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Stakeholders engagement on e-waste collection centres begins

E-waste in Ghana

The Regional Policy Round Table for the European Union-Funded Project on E-waste Management in Ghana (E-MAGIN) has begun  the consolidation of ideas on collection centres and formalizing e-waste activities in the informal sector.

The European Union funded project on (E-MAGIN) would engage with regional decision makers from Environmental Protection Agency (EPA), Metropolitan, Municipal and District Assemblies (MMDAs) and other key stakeholders to discuss challenges and solutions to establishing collection centres and formalising the informal sector businesses in e-waste management in Ghana.

Since the introduction of Act 917, LI250 and the Technical Guidelines for Environmentally Sound E-Waste Management between 2016 and 2018, the Ghana government had sought to tackle the country’s growing amount of waste from electrical and electronic equipment.

Currently, the vast majority of the Ghana’s e-waste was collected, dismantled and recycled by a wide-spread informal economy, which tends to disregard standards for environment, health and safety.

Mr Lambert Faabeloun, Director of Ghana National Cleaner Production Centre, on Ghana’s National e-Waste Management Scheme, told the Ghana News Agency that practices being carried out currently by most informal sector businesses included; open burning of cables, draining of lead-acid batteries, crushing of cathode ray tubes (CRT) contained in monitors.

“These activities often lead to considerable environmental pollution and had dire consequences on the general public as well as the workers in the sector who were directly exposed to the heavy metals and toxins contained in them.”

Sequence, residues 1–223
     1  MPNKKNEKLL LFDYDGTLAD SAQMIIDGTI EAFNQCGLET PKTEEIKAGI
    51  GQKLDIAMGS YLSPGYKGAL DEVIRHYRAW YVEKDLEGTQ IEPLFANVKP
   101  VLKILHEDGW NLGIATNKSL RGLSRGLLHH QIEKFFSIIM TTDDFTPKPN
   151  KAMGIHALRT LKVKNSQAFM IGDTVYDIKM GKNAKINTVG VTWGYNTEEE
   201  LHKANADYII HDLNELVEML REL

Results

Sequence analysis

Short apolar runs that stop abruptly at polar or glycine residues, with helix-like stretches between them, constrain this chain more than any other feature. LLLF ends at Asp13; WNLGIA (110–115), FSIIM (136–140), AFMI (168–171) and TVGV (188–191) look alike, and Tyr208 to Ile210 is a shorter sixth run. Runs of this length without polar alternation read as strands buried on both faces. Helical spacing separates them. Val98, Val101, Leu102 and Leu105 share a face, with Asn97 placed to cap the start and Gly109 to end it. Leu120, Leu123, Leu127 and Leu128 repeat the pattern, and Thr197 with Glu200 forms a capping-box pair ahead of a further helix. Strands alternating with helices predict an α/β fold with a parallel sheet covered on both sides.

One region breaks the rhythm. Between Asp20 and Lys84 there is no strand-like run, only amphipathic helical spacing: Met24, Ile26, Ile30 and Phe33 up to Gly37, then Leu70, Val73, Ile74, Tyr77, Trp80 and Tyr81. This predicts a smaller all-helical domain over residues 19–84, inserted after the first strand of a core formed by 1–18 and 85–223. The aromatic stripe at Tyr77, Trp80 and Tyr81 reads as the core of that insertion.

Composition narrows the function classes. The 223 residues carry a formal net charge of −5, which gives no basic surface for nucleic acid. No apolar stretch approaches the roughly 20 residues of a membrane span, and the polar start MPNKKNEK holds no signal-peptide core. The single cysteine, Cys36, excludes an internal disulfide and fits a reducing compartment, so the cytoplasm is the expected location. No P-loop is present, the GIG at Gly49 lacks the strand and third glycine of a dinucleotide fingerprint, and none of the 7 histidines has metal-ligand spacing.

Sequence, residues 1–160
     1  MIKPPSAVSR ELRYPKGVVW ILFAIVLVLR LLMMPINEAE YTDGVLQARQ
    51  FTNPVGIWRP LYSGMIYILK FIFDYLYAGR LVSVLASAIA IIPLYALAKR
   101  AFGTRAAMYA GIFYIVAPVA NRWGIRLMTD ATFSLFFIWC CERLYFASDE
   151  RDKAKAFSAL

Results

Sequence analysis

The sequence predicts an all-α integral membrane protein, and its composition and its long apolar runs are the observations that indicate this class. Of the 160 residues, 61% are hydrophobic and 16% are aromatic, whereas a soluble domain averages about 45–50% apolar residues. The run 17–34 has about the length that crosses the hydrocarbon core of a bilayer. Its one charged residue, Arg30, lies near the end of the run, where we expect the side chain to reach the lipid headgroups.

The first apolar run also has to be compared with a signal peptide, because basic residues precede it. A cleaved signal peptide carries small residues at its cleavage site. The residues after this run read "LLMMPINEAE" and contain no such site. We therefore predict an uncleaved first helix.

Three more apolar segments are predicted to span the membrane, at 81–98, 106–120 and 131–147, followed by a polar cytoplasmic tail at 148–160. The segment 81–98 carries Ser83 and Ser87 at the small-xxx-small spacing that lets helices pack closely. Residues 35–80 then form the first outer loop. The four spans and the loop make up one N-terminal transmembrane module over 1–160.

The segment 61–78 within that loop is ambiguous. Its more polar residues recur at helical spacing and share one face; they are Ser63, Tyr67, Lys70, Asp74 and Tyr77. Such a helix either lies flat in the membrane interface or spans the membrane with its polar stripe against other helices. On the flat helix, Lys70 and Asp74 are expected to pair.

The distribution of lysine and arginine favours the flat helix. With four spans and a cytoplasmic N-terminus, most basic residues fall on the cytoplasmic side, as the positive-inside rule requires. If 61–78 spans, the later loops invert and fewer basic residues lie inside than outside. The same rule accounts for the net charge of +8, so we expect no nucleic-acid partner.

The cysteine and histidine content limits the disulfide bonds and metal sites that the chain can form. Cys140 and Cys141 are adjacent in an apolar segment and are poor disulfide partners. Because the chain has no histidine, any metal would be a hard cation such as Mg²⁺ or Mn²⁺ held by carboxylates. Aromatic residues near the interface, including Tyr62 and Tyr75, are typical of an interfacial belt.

The indiscriminate dismantling and recycling was largely carried out at Agbogbloshie and other places in Ghana.

He stated that in order to curb the environmental pollution and reduce the negative impact of the activities in the informal e-waste sector on human health, practical strategies would have to be taken in order to address the problems on a national scale.

The swift enforcement of Act 917, LI 2250 and the Technical Guidelines across other regions beyond the Agbogbloshie scrap yard was imperative to ending the menace, he added.

The E-MAGIN Policy Round Table Dialogues, he added formed part of a holistic intervention to sensitize the various stakeholders on the enforcement of Act 917, LI2250 and the Technical Guidelines.

Already, the E-MAGIN project had engaged with the Eastern and Volta Regions respectively to identify common challenges, potential solutions and required resources for the establishment of collection centres and the process of formalisation of the informal e-waste economy.

The policy round tables would inform the formulation of recommendations for local decision makers from EPA and MMDAs to be developed into policy briefs upon completion of the consultation process.

The E-MAGIN project is implemented by lead-organisation, University of Cape Coast together with Ghana National Cleaner Production Centre, City Waste Recycling Limited and Adelphi, Germany.

It is financed by the European Union under the SWITCH Africa Green programme and its implementation is from January 2018 until December 2021.

The project released its first flagship report titled “Money Dey for Borla” which was based on extensive in-field research and provides a comprehensive overview of e-waste in the country.

Source: GNA

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